By 2010, these differences were solidified as being the basis for better microbiological quality in local foods. Researchers searched for the reasons behind foodborne outbreaks and found links to several well-known problems associated with large-scale farming. …
The most meaningful comparison for consumers comes in the form of statistics. Outbreaks resulting from large-scale farming continue to grab headlines both in the media and scientific literature. In contrast, only a few outbreaks resulting from eating locally grown food have been recorded. In these rare cases, the problems were the result of a significant environmental change, such as a major rain storm or flood. There were almost no cases of local malpractice leading to infection.
This is bullshit.
The only meaningful comparison, statistically speaking, would be to compare incidence of foodborne illness per capita – on a meal eaten basis.
And then he cites the bullshit clean, cook. chill separate, ideology without the source food from safe sources, from farmers who know what they’re doing bit.
Defense attorneys for three people charged in a deadly salmonella outbreak sought to deflect blame and poke holes in the government’s case Tuesday as they questioned a co-defendant, who is a key prosecution witness.
The co-defendant, Samuel Lightsey, was a former manager of a Georgia peanut processing plant blamed in the 2008-09 outbreak. He was indicted along with his former boss, Peanut Corporation of America owner Stewart Parnell, and two others. Lightsey pleaded guilty in May after reaching a deal with prosecutors.
The 76-count indictment accuses Parnell and his brother, food broker Michael Parnell, of shipping tainted products to customers and covering up lab tests showing they contained salmonella. It also charges Stewart Parnell and the plant’s quality assurance manager, Mary Wilkerson, with obstructing justice.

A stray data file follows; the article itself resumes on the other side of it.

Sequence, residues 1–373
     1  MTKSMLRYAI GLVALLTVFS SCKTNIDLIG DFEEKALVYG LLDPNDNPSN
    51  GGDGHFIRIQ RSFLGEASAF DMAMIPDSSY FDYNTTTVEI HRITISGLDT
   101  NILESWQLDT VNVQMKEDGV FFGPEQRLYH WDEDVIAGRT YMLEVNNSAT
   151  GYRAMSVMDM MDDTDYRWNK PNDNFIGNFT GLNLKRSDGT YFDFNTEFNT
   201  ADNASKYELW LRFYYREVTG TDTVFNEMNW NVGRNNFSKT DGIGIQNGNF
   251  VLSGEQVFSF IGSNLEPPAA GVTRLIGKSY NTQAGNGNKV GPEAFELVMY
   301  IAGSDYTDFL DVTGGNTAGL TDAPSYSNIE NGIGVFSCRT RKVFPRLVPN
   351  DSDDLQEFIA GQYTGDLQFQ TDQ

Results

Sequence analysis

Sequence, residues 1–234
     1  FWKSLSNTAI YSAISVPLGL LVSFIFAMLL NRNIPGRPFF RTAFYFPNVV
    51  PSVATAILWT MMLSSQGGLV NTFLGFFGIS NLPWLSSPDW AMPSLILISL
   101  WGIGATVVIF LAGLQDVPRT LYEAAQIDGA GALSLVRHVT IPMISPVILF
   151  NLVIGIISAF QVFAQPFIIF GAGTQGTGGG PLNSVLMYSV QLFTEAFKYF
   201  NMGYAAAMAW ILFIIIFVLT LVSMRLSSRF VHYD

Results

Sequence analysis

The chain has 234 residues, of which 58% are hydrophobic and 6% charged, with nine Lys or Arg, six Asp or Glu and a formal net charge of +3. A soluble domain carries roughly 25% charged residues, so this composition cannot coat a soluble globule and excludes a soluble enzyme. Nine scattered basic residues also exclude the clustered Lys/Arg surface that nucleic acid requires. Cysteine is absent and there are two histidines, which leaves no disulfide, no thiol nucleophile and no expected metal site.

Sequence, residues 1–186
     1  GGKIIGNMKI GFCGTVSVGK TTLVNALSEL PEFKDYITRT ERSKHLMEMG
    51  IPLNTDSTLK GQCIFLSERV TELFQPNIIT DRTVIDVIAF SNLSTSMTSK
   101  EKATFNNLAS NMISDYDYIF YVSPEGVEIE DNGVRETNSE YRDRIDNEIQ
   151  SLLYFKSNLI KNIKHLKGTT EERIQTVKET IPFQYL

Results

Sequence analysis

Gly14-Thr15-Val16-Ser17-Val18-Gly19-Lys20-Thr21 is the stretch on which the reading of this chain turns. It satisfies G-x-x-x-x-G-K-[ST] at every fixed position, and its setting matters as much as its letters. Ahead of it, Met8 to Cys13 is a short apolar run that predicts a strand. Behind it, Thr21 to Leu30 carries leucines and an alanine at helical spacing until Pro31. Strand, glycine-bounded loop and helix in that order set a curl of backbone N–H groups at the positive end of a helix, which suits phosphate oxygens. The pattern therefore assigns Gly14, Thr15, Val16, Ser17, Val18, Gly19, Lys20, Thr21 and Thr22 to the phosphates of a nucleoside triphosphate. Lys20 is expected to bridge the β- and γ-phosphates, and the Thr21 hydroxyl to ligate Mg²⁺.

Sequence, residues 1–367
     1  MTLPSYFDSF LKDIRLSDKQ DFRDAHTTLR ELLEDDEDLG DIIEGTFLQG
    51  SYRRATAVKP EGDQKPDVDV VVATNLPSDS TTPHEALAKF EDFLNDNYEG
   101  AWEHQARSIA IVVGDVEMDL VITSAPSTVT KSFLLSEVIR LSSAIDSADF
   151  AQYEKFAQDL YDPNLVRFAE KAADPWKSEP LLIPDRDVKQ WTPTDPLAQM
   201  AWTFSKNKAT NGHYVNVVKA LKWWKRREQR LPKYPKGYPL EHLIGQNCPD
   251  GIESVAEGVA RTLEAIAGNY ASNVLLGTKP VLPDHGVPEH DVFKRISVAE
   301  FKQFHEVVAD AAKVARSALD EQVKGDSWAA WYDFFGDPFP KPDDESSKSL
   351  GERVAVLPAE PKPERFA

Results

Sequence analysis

Tom Bondurant, an attorney for Stewart Parnell, asked Lightsey about his plea agreement, which recommends that he not serve more than six years in prison. He had been facing decades behind bars.
Bondurant then pointed out that the government’s lawyers could ask the judge for further leniency, including no prison time, if Lightsey’s able to “substantially assist” their efforts.
“So the truth alone is not enough. You need a scalp to make this deal work, don’t you?” Bondurant said.
Bondurant asked Lightsey a series of questions to demonstrate that Stewart Parnell had given him considerable authority over the Georgia plant and relied on him.
“You made decisions every day about how to run the plant, didn’t you?” Bondurant said.
“That’s the job,” Lightsey responded.
Bondurant also had Lightsey review audits predating the salmonella outbreak that showed the plant receiving high marks from inspectors and a box of what he said was nearly 4,000 lab reports, of which about a dozen tested positive for salmonella.
David Edwards of the Scientific American Blog Network writes that beef that’s horsemeat, grouper that’s actually tilapia—thins the global economy every year by an estimated $49 billion. That’s a lot of bogus burgers and suspect sushi. Yet containing the problem is no small task. Some experts estimate that approximately 5 to 7 percent of the U.S. food supply is affected by food fraud. Another study found that about 10 percent of the food Americans buy is likely adulterated. The sprawling, complex modern food industry can be difficult to monitor and regulate – making it an easy target.
Food fraud, the deliberate substitution, addition, tampering or misrepresentation of food, ingredients or packaging, is not new. For as long as people have sold food to one another and not just grown it to feed themselves, the road to market has been mapped with cut corners. By the 17th century, governments started pushing back, introducing food purity laws to detect, among other things, watered-down milk and bread plumped up with chalk.